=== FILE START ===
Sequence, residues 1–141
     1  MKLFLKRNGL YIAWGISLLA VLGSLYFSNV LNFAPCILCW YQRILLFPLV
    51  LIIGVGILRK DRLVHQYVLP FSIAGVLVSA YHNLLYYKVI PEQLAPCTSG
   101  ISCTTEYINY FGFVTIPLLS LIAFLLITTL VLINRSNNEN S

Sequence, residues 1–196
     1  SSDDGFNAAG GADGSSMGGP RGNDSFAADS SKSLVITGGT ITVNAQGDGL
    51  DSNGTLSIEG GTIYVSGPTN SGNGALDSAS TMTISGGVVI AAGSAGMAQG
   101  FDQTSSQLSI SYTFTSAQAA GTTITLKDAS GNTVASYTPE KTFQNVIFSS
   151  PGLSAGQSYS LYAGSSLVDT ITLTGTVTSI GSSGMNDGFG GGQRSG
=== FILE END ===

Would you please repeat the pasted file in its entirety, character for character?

Sequence, residues 1–141
     1  MKLFLKRNGL YIAWGISLLA VLGSLYFSNV LNFAPCILCW YQRILLFPLV
    51  LIIGVGILRK DRLVHQYVLP FSIAGVLVSA YHNLLYYKVI PEQLAPCTSG
   101  ISCTTEYINY FGFVTIPLLS LIAFLLITTL VLINRSNNEN S

Sequence, residues 1–196
     1  SSDDGFNAAG GADGSSMGGP RGNDSFAADS SKSLVITGGT ITVNAQGDGL
    51  DSNGTLSIEG GTIYVSGPTN SGNGALDSAS TMTISGGVVI AAGSAGMAQG
   101  FDQTSSQLSI SYTFTSAQAA GTTITLKDAS GNTVASYTPE KTFQNVIFSS
   151  PGLSAGQSYS LYAGSSLVDT ITLTGTVTSI GSSGMNDGFG GGQRSG